Since the illness or death of a contractor does not, like fire or shipwreck, deprive the defendant of the fruits of part performance, the benefit resulting from such part performance is more obvious and the element of hardship to the defendant entirely wanting. As a result, it is generally held, in the United States, that the value of part performance may in such cases be recovered.1

1 Johnson v. Sims, 1800 (?), 1 Pet. Adm. (U. S., D. Pa.) 215; Fed. Cas., No. 7413; Cranmer v. Gernon, 1807, 2 Pet. Adm. (U. S., D. Pa.) 390; Fed. Cas., No. 3359; Pitman v. Hooper, 1838, 3 Sumn. (U. S. C. C.) 286; Fed. Cas., No. 11,186. And see Mackrell v. Simond, 1776, Abbott on "Shipping" (5th ed.), 333; (14th ed.), 743; Scott, "Cases on Quasi-Contracts," p. 621.

2 1807, 8 East 300.

3 In Johnson v. Sims, 1800, 1 Pet. Adm. (U. S., D. Pa.) 215, 216; Fed. Cas., No. 7413, a stipulation couched in precisely the same words as that in Appleby v. Dods was construed to mean, not that the sailor was not entitled to wages for the outward voyage, but merely that he was not entitled to demand such wages until the vessel arrived at the home port. Said the court: "I will never decree a forfeiture, or loss of wages, unless the law or agreement of parties is fully and clearly, both in expression and import, against the claim. It does not appear in this case that more than the usual wages were agreed to be paid to the mariner, though the clause in question is out of the common course."

4 7 & 8 Vict., c. 112, Sec. 17; 57 & 58 Vict., c. 60, Sec. 158 (Merchant Shipping Act, 1894).

5 Rev. Stat. U. S. Sec. Sec. 4525, 4526; The Charles D. Lane, 1901, 10G Fed. Rep. 746.

In England, consistently with other classes of cases, a recovery is denied,2 though Cutter v. Powell,3 which is generally regarded as a leading case for the English doctrine, is distinguishable, as is elsewhere shown (ante, Sec. 113), in that the terms of the contract plainly indicated the intention of the contractor to assume the risk of illness or death. An exception to the rule is recognized, moreover, in the case of domestic servants, who are by custom paid for the actual services rendered by them.4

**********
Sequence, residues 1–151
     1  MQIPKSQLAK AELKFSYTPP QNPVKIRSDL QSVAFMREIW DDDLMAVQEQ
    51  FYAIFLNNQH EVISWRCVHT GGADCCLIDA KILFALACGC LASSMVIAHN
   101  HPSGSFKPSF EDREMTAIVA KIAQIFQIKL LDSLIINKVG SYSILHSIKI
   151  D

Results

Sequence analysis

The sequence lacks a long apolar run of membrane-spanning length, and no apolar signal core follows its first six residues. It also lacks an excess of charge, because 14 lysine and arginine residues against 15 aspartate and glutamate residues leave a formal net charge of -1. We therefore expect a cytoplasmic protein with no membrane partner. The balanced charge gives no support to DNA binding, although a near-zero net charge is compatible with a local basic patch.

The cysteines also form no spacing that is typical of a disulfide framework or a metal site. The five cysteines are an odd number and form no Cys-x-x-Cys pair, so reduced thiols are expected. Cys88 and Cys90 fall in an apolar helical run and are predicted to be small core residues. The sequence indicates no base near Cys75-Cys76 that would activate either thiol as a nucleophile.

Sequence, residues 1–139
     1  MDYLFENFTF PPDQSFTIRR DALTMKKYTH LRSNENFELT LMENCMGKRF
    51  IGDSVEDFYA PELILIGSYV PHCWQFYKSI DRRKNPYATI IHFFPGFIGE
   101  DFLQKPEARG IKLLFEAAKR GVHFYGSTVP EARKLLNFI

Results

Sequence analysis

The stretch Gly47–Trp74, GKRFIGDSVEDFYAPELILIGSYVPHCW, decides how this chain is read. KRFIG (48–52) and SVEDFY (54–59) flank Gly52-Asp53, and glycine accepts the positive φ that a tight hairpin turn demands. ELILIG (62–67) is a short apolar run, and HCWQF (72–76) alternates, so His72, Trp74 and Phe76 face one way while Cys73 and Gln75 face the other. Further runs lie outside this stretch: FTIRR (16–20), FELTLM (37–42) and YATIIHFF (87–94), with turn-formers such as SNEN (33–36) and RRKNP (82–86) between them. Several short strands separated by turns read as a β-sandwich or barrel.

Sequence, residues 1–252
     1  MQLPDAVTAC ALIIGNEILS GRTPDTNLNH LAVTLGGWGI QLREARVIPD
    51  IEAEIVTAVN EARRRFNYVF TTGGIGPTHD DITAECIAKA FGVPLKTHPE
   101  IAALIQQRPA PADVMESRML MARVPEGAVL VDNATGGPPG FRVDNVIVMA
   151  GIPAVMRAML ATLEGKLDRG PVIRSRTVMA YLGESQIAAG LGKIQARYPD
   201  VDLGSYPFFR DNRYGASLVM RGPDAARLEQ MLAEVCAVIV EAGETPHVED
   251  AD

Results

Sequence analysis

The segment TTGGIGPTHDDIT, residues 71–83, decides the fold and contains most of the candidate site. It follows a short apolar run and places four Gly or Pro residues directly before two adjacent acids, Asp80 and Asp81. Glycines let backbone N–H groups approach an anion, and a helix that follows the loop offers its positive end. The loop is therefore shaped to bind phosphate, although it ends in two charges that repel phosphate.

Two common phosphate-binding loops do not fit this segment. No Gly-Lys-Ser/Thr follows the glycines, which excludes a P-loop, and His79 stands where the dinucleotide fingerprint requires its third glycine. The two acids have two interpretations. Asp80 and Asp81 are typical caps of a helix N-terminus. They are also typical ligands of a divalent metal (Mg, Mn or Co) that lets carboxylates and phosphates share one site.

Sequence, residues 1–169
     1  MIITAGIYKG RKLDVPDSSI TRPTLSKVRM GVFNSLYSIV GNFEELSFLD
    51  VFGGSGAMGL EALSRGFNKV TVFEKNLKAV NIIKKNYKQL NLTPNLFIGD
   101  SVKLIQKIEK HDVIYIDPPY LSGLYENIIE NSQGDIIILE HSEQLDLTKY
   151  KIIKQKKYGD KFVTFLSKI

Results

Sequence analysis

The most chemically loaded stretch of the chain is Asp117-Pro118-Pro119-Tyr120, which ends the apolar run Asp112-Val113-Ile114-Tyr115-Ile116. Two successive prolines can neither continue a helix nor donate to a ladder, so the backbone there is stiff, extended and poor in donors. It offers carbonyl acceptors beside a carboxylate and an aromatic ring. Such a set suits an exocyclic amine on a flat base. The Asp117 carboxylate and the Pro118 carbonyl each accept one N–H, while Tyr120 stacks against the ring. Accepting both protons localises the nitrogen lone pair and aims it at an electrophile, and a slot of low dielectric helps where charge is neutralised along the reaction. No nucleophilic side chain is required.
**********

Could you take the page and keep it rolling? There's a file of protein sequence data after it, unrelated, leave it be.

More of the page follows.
1 Performance prevented by death: Wolfe v. Howes, 1859, 20 N. Y. 197, 75 Am. Dec. 388; Clark v. Gilbert, 1863, 26 N. Y. 279; 84 Am. Dec. 189; McClellan v. Harris, 1895, 7 S. D. 447; 64 N. W. 522; Lauda v. Shook, 1895, 87 Tex. 608; 30 S. W. 536, (death of one member of a law firm).

Performance prevented by illness: Ryan v. Dayton, 1856, 25 Conn. 188; 65 Am. Dec. 560; Coe v. Smith, 1853, 4 Ind. 79; 58 Am. Dec. 618; Stolle v. Stuart, 1908, 21 S. D. 643; 114 N. W. 1007; Fenton v. Clark, 1839, 11 Vt. 557; Patrick v. Putnam, 1855, 27 Vt. 759; Hubbard v. Belden, 1855, 27 Vt. 645. In Ryan v. Dayton, supra, the court said (p. 194): "Viewing the present as a contract for the personal services of the plaintiff, and which could only be performed by himself, we think that, from its nature, a condition was impliedly attached to it, that an inability to labor during a part of the time stipulated, produced by inevitable necessity, should so far constitute an excuse for not laboring during that period, that he should not thereby be deprived of a right to a reasonable compensation for the services performed by him under it: and that the rule that where a person by his own contract, creates a duty or charge upon himself, he is bound to make it good, if he may, notwithstanding any accident by inevitable necessity, which properly understood, we do not intend to impugn, is not applicable to such a contract." But see Jennings v. Lyons, 1876, 39 Wis. 553 ; 20 Am. Rep. 57, allowing no recovery because illness of wife should have been foreseen.